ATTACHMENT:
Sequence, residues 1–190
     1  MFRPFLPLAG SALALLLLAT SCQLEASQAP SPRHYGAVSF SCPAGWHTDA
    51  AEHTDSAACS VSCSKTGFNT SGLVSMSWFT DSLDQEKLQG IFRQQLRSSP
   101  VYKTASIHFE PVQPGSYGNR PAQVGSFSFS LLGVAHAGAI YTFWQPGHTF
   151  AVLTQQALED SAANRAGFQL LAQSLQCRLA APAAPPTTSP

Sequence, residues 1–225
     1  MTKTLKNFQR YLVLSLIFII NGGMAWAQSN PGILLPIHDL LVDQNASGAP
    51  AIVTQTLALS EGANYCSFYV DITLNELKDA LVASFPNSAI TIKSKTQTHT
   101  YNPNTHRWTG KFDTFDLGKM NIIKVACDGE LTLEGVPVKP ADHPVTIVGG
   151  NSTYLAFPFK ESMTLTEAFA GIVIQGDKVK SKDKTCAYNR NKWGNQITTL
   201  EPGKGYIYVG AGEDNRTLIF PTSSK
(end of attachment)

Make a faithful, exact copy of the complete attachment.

Sequence, residues 1–190
     1  MFRPFLPLAG SALALLLLAT SCQLEASQAP SPRHYGAVSF SCPAGWHTDA
    51  AEHTDSAACS VSCSKTGFNT SGLVSMSWFT DSLDQEKLQG IFRQQLRSSP
   101  VYKTASIHFE PVQPGSYGNR PAQVGSFSFS LLGVAHAGAI YTFWQPGHTF
   151  AVLTQQALED SAANRAGFQL LAQSLQCRLA APAAPPTTSP

Sequence, residues 1–225
     1  MTKTLKNFQR YLVLSLIFII NGGMAWAQSN PGILLPIHDL LVDQNASGAP
    51  AIVTQTLALS EGANYCSFYV DITLNELKDA LVASFPNSAI TIKSKTQTHT
   101  YNPNTHRWTG KFDTFDLGKM NIIKVACDGE LTLEGVPVKP ADHPVTIVGG
   151  NSTYLAFPFK ESMTLTEAFA GIVIQGDKVK SKDKTCAYNR NKWGNQITTL
   201  EPGKGYIYVG AGEDNRTLIF PTSSK